Thus the effect of the sea round the coasts may be described as the creation of a platform or the continental shelf. This effect is more marked to the southeast of Malta, creating the deep natural harbours of the area. The reason behind the marked erosion of this area in mainly due to the southeastwards tilting of Malta bringing the easily erodable limestone to sea-level, while resulting in the high lower coralline cliffs to the west of the Island. A very striking example of sea erosion is seen at St. Thomas Bay on the limits of Zejtun (Malta). here the predominant strata is the very soft and easily erodable globigerina limestone. At this site are fields which have already been halved and old residents remember rooms which stood about 30 meters out to sea. A large farmhouse known as "Tal-Franciz" is gradually being destroyed by the sea, and part of the building has collapsed with the cliff.
In a number of sites, such as the coast off Gnejna Bay (Malta), the platform formed by the action of the waves has been lifted above sea-level. An these sites, the process is very often repeated, resulting in the undercutting of the previous platform.
The strong action of waves has also resulted in the numerous amount
of caves, grottoes and natural arches of which the Blue Grotto caves and
the caves of Dwejra are the most well known. These
caves are usually found in well-jointed rocks such as Lower Coralline limestone.
In these rocks, the water is forced into crevices compressing the air trapped
within them. When allowed to expand suddenly, the air widens the crevices,
and by a continuous process enlarges them to form caves. When
the action of the waves on headlands occurs from two sides, erosion occurs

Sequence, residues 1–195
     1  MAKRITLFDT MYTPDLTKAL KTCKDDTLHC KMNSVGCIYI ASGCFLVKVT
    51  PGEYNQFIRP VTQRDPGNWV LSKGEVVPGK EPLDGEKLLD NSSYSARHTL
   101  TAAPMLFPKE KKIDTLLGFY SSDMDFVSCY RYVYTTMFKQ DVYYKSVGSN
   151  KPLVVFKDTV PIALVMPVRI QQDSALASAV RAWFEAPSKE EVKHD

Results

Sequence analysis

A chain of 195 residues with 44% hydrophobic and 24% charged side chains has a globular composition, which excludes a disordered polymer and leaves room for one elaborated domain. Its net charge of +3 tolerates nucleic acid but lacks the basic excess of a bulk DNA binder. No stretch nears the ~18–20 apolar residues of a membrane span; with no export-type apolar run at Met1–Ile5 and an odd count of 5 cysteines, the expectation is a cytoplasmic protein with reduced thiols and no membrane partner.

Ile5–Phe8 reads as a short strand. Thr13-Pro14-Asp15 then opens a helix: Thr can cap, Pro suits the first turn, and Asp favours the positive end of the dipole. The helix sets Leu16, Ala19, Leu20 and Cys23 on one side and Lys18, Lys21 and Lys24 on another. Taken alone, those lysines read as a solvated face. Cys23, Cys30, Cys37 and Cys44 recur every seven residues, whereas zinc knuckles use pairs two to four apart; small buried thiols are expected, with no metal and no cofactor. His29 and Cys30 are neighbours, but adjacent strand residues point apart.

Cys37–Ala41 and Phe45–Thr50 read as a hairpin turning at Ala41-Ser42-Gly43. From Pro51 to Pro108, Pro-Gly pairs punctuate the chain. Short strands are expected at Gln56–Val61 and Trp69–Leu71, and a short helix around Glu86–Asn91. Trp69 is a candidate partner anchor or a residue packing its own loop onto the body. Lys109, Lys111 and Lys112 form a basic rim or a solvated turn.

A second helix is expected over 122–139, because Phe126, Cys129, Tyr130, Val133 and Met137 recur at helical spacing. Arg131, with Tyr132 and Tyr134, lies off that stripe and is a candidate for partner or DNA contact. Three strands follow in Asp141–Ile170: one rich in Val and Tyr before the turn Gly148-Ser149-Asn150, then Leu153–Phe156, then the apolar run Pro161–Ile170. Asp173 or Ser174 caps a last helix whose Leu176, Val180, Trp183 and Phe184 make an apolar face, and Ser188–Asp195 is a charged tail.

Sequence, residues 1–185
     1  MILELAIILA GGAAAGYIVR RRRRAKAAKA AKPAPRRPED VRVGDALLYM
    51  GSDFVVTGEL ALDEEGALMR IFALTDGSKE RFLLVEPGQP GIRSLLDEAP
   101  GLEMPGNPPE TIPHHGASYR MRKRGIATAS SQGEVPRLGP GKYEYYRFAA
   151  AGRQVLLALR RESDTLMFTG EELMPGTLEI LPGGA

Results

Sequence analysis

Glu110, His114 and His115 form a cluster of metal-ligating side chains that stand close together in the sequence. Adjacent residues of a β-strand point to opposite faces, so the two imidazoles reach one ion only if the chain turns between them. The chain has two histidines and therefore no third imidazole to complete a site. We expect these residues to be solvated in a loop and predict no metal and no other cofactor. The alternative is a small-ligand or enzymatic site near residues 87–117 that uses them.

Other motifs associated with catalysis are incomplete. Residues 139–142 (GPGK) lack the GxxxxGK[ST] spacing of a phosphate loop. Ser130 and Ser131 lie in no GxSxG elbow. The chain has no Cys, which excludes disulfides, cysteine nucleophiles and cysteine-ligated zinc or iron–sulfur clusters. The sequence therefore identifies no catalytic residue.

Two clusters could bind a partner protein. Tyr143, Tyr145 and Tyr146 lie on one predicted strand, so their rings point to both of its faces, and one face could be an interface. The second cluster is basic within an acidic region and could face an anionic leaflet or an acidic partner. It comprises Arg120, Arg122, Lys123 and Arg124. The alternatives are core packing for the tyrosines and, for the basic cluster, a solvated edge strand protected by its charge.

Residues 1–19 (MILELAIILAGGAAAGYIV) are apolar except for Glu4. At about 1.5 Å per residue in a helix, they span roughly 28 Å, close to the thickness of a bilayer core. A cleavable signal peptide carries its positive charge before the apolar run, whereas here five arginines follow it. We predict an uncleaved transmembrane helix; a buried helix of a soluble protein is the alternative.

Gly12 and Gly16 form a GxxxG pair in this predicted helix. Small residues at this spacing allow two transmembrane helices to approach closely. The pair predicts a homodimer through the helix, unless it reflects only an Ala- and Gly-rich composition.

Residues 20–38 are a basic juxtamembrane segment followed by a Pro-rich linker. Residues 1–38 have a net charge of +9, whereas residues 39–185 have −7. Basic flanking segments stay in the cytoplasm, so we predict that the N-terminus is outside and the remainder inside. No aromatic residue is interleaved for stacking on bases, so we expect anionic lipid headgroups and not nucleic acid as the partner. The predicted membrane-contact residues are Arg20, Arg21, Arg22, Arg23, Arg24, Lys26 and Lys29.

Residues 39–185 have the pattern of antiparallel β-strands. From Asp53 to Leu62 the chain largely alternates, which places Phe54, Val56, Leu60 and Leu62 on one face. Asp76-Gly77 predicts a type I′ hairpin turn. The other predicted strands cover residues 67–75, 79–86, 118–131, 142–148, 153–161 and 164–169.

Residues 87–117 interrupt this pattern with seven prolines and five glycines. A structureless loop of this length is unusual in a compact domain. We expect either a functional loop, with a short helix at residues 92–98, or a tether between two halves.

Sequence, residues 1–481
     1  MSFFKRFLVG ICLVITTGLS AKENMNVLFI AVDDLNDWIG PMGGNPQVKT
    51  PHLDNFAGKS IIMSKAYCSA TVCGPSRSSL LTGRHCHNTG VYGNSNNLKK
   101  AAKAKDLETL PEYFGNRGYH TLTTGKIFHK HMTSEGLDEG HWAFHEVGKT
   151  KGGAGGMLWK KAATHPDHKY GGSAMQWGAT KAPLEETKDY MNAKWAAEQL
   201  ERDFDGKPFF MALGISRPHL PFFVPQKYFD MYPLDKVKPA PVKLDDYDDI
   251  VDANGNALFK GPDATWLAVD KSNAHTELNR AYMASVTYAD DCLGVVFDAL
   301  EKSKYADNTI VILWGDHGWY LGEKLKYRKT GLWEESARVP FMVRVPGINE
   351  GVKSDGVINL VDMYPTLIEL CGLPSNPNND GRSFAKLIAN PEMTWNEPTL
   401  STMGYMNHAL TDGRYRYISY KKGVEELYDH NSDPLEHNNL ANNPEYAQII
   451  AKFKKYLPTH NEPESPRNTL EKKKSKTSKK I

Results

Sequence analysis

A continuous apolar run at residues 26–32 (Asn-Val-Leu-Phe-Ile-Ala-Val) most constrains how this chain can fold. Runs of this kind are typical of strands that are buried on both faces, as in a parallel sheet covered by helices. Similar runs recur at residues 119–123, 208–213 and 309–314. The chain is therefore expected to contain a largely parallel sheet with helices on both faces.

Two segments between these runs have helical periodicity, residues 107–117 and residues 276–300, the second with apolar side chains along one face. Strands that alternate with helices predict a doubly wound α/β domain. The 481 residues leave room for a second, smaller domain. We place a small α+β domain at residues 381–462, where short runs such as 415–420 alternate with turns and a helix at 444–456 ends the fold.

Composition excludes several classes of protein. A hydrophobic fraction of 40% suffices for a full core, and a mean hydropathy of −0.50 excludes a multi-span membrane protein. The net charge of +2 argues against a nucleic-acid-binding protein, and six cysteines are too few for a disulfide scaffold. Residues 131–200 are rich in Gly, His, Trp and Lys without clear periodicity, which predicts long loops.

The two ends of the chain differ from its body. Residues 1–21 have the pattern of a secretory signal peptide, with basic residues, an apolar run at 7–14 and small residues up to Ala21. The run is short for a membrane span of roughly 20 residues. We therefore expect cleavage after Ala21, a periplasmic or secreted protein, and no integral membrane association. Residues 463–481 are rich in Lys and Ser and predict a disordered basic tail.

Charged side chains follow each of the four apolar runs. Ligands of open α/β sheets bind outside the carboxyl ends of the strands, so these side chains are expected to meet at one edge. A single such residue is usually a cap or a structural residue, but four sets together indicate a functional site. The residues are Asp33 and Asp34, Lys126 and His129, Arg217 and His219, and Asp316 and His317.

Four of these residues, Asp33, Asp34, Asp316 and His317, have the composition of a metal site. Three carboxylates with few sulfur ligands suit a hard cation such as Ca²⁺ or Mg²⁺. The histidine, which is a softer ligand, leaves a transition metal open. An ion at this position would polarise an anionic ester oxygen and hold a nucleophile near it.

equally from both headland faces. In this way a natural arch may be produced
such as the one found at Dwejra Bay in Gozo. With
continued erosion, the arch may collapse leaving a stack such as the one
found at Il-Mara (Malta).
Over very large areas, the continental shelf is covered by a verneer of sediments laid down by the sea itself. These are derived from both the near-by land by wave action and from the smoothing of the shelf itself, as well as from sediments brought by rain water. There is normally a gradation from the coarse shingle and stones of the beach to sand, becoming finer seawards, which in turn passes into silt and sand. This process accounts for the sandy beaches of the Islands. Microscopical studies of sands collected from various sites from the Islands showed these to be subangular to subrounded. The sand particles are prevented from becoming exact spheres by the cushioning effect of the sea. In contrast sands formed by the action of wind are usually rounded, and those formed by a crushing action are angular. In addition different forms of sand are found locally.
The colour and size of the sand particles depend on the bed-rock from which they originate. Thus the sands at Ghajn Tuffieha (Malta) are of a reddish yellow colour and of very fine texture, and are similar to the sands from Ramla Bay (Gozo). These sands contrast very well with the sandstone of the areas which has similar properties. The sand at Mellieha Bay (Malta), on the other hand, is coarser and of a grayish colour being similar to the sandstone of the region.
Broadly speaking, any stretch of coastline is either one of erosion or one of deposition. The rate of deposition in an area is dependent on local factors. Deposition is higher in areas where eddy currents are produced, such as behind a spit of land. An example of such a process produced artificially can be seen at Pretty Bay, Birzebbugia (Malta). In relatively recent years, a breakwater built there to protect fishing boats has resulted in the bay becoming shallower with the creation of a small sandy beach.